The Effect of Diabetes Mellitus on Revision Discectomy After Single-level Lumbar Discectomy


Diabetes currently affects over 25 million Americans, with the elderly carrying much of the disease burden. It’s well known that diabetes increases the risk of surgical complications, but few studies have analyzed its effects on reoperation rates after single-level lumbar discectomy. Data was obtained using the commercially available Explorys software, which houses de-identified data for several healthcare systems. A database search was conducted to fi nd all patients who’d undergone a lumbar discectomy. Scoliosis, spondylolisthesis, smoking history and obesity were excluded as possible confounding variables, after which 31,210 patients remained. Of them, 950 were found to have undergone a revision discectomy within 2 years. Those with diabetes were found to have a relative risk of 1.29 for revision discectomy compared to those who did not, 95% confidence interval (95% CI) 1.10–1.52, p < 0.002. These findings contribute to the importance of modifiable risk factor assessment preoperatively and their effects on surgical complications. (Journal of Surgical Orthopaedic Advances 29(3):159–161, 2020) Key words: revision, discectomy, diabetes mellitus, Explorys, herniated disc, reoperation, modifiable risk factor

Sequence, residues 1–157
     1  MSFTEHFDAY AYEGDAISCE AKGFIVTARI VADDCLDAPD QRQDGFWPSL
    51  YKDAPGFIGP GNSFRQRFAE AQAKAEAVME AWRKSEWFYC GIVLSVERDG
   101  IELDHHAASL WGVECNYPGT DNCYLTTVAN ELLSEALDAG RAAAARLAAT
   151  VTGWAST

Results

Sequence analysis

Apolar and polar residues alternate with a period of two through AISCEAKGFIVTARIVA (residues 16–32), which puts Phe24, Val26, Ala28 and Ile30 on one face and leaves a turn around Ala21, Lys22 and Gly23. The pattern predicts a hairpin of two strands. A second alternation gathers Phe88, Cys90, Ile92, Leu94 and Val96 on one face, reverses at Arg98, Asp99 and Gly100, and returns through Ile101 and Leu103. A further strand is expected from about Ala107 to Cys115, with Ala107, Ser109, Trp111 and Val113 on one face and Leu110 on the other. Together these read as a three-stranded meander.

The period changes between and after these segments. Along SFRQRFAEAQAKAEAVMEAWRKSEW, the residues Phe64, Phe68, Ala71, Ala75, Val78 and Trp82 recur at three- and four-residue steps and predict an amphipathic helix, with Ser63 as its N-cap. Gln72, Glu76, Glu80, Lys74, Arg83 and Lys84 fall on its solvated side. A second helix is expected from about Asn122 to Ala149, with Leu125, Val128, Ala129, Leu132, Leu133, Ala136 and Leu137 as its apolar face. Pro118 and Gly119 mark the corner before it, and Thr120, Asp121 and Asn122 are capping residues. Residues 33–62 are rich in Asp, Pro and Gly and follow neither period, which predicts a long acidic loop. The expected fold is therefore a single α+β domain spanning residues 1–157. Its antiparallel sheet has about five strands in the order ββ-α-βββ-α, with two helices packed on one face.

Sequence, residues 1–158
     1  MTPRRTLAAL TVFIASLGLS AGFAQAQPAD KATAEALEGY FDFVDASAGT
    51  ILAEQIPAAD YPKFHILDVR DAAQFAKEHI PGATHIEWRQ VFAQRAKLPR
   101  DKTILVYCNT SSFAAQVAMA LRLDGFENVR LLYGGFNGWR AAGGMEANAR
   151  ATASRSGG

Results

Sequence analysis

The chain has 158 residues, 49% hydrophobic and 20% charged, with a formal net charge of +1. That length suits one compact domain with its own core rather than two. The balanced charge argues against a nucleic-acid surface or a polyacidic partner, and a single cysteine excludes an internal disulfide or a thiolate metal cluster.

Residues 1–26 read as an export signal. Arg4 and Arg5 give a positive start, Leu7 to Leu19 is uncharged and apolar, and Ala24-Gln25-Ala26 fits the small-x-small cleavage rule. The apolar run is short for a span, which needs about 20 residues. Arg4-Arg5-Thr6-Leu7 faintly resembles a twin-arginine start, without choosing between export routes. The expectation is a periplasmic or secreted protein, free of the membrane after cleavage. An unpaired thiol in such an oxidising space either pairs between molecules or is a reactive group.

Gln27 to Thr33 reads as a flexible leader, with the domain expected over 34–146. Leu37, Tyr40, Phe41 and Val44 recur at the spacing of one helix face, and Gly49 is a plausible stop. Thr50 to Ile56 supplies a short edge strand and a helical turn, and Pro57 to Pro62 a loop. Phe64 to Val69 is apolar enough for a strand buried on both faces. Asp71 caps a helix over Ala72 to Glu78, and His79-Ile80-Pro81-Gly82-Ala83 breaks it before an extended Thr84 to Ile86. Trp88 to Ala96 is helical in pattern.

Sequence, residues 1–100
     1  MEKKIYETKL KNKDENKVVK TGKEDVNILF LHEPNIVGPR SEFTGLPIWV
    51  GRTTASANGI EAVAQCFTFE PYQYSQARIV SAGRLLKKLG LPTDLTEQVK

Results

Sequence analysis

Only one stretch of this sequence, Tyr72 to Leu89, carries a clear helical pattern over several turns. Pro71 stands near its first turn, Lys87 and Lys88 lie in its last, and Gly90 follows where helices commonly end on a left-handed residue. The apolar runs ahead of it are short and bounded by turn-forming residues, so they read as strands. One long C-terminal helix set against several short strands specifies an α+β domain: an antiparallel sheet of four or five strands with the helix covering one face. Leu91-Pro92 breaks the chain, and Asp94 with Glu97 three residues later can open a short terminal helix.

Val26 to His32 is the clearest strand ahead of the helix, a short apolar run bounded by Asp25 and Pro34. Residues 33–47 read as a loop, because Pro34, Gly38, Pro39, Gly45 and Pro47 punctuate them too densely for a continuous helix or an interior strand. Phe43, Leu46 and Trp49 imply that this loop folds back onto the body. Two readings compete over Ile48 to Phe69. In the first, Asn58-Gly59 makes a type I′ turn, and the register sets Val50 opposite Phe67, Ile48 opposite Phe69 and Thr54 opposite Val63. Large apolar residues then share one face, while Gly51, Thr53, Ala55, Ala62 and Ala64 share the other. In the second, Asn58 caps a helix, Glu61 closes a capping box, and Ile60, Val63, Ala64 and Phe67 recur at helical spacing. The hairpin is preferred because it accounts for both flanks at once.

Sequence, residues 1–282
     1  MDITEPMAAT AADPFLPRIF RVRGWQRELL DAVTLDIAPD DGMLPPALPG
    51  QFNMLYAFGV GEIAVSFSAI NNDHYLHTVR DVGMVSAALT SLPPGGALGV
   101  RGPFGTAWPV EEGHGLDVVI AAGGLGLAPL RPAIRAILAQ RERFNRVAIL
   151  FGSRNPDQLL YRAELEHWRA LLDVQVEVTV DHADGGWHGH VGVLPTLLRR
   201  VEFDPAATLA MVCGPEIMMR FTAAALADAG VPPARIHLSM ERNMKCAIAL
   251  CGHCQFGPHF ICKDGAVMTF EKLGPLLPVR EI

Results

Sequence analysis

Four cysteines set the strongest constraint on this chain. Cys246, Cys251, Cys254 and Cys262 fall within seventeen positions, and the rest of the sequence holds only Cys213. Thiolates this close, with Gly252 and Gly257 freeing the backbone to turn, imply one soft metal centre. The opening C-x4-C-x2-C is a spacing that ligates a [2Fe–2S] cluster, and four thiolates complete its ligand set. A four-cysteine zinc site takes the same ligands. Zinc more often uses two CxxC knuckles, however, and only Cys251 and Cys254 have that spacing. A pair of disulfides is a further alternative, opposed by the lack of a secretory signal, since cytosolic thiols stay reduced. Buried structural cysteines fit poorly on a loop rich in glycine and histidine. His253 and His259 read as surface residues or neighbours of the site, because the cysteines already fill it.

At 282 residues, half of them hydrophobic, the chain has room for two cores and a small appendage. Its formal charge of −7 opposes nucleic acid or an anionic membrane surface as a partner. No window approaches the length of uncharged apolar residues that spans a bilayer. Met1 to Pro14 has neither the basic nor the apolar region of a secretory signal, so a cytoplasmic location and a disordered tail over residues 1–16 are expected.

Eric J. Smith, MD; Bradley P. Inkrott, MD; Jerry Y. Du, MD; Chang-Yeon Kim, MD; Uri M. Ahn, MD; and Nicholas U. Ahn, MD